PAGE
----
Oldman Jones had also been eyeing him from halfway upfront. He just nodded respectfully and looked away, cradling his mop-handle in one hand and steadying the mop bucket between his feet as he looked out ahead at the upcoming shopping center.
Oldman Jones thinks you’re weird too. That hurts. Oldman Jones is like the hardest working dude in the world; his own man too, with his own floor cleaning business and all. Just stop talking to bugs, Bighead.
The not-so-pretty Hispanic chick was snoring behind him, on her way to wherever she worked or lived. The bus was much less crowded than normal, even for Sunday. Something at the stop ahead had gotten the attention of Oldman Jones and the driver—it was actually the entire intersection, all up in a commotion. Some people were running around behind the mall on the left, and the shopping center to the right also. Motorists were also running the red light ahead. Two cars even had their windshield wipers on, and there was not a drop of rain or snow in the sky, not even a cloud!
Mister Drug-head then took notice and shook his head, looking up at him, “Shoot Tweet, I wish I had some of whatever they are on!”
Then, as he rang the bell, and the bus lurched to a stop, he waved the Mason comic at him, “Thanks for the reading material Tweet. I’ll give it to you when I see you next—later.”
With that, Mister Drug-head stepped off the bus and Tweet felt bad on two counts: he had not yet learned the man’s name, having just referred to him mentally in the same negative sense that people referred to him, based on nothing but appearances; and for neglecting to say ‘Goodbye sir, have a blessed day’, as Mother had taught him all those many years ago.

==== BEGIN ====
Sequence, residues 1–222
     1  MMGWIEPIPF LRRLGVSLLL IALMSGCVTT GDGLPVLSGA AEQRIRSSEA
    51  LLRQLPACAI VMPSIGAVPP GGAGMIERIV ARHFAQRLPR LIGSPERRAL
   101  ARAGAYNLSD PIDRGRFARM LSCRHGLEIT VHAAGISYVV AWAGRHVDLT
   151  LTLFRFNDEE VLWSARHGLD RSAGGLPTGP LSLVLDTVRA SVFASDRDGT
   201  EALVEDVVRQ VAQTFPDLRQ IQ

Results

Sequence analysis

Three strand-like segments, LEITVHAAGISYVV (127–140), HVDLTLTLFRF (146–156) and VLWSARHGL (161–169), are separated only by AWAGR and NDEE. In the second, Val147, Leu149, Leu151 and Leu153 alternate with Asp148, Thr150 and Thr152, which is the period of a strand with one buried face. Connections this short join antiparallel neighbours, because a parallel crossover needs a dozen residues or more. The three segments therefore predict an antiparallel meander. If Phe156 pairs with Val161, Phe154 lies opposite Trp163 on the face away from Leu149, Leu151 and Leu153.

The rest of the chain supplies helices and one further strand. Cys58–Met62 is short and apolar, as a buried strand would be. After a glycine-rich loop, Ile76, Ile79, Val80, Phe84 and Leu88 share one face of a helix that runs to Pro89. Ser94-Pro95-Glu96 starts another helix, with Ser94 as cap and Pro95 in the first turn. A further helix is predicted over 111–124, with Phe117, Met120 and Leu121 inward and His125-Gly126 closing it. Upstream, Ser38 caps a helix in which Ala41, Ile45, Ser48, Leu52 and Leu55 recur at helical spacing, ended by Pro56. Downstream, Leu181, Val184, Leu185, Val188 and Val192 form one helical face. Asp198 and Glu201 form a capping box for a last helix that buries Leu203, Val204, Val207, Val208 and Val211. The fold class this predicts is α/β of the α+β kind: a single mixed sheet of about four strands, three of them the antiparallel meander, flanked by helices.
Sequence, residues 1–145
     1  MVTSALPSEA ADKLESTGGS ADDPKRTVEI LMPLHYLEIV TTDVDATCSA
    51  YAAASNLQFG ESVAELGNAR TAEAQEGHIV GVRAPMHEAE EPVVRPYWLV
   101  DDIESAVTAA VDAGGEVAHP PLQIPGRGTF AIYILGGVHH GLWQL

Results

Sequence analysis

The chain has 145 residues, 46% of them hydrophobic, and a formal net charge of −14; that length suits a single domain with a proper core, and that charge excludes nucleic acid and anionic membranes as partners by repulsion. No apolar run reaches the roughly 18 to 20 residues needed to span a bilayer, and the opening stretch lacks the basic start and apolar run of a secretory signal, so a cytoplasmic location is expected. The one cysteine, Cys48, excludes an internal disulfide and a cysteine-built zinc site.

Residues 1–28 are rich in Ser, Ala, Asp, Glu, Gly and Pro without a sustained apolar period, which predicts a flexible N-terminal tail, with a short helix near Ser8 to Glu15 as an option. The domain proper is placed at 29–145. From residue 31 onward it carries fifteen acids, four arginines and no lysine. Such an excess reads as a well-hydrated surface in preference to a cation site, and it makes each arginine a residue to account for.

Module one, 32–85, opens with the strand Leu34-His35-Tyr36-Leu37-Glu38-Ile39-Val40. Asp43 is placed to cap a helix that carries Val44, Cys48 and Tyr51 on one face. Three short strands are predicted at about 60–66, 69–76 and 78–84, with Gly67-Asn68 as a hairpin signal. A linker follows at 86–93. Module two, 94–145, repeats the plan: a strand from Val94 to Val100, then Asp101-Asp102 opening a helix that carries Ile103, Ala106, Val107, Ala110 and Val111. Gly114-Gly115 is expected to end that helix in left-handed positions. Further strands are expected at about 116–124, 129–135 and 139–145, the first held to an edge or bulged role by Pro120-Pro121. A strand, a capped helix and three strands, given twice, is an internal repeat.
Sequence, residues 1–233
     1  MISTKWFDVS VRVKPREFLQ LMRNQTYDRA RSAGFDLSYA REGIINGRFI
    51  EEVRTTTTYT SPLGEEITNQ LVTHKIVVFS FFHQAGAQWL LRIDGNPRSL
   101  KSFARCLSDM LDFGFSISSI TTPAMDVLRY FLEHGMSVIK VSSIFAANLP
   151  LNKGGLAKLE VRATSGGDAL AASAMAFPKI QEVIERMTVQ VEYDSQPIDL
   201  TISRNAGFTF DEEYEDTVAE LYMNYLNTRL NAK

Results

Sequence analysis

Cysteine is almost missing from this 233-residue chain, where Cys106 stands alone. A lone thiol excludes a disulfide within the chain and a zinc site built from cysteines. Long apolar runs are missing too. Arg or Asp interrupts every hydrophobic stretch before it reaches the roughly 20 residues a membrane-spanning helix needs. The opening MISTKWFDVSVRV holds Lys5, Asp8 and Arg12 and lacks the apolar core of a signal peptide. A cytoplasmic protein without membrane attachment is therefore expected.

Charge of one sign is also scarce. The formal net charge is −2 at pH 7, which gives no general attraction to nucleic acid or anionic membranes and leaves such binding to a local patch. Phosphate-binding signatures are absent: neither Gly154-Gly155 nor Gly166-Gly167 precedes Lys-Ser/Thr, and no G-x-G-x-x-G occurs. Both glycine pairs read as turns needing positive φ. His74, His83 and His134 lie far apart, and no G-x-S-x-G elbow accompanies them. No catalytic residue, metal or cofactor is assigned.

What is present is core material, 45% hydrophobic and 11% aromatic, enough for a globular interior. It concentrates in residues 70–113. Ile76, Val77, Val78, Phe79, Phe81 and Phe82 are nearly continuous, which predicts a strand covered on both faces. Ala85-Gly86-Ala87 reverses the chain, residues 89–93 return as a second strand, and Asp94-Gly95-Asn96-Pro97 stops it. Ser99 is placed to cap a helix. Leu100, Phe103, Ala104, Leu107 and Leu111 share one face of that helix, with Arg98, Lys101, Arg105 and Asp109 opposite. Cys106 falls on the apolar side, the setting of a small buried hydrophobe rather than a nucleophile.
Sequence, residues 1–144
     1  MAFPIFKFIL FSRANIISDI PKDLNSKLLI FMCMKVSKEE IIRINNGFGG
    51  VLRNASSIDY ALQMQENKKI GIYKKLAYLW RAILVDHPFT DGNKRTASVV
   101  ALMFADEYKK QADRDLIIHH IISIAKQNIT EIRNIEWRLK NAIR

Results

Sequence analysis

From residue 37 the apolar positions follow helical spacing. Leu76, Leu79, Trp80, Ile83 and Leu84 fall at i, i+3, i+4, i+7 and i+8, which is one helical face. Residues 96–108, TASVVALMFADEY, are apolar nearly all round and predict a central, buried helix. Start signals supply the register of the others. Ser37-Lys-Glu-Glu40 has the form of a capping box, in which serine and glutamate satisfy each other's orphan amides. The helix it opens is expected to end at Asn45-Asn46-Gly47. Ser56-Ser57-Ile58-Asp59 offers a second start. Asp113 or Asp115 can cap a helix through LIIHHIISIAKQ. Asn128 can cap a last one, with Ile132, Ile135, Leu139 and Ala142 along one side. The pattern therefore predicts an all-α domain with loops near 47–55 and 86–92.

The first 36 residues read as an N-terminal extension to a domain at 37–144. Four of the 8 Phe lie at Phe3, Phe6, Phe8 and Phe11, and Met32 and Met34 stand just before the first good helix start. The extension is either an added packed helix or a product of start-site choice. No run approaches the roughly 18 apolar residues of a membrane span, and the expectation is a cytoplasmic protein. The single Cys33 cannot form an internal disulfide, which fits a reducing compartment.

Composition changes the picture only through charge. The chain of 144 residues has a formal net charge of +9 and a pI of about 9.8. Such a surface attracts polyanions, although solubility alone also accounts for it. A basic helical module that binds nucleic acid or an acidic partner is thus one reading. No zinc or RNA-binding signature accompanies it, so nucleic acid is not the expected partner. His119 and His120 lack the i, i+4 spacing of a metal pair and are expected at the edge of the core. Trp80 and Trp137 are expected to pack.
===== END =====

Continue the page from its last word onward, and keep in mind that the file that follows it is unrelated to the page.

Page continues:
He was feeling bad about not saying ‘good morning’ at least, and turned to look at Mister Drug-head and wave. Just then he heard a metallic skittering noise on his window and saw something red and white, about the size of a quarter—the spider-bug—fly off of the window and smack into Mister Drug-head’s face as he walked off reading the comic. The man attempted to swat the thing from his cheek with the comic and the thing just crawled onto his nose. The man then dropped the comic and grabbed at his nose and, and, and…
…Bighead Tweet had almost passed out from the sickening thing he had just seen. He even closed his eyes so that he did not see it all. His stomach flipped and he opened his eyes again, seeing Mister Drug-head kneeling on the sidewalk clawing at his face. This view was thankfully taken away by the progress of the bus. He could not forget though, the horrific image of that big red spider, with the white X on its back, sliding up into the man’s nose, even dragging its hind legs in behind it as the mass of its body formed a floating bubble that distorted the right side of the man’s nose as it burrowed up toward his eye—a bloodshot eye that bugged out in horror, apparently wishing that it was stoned out of its mind!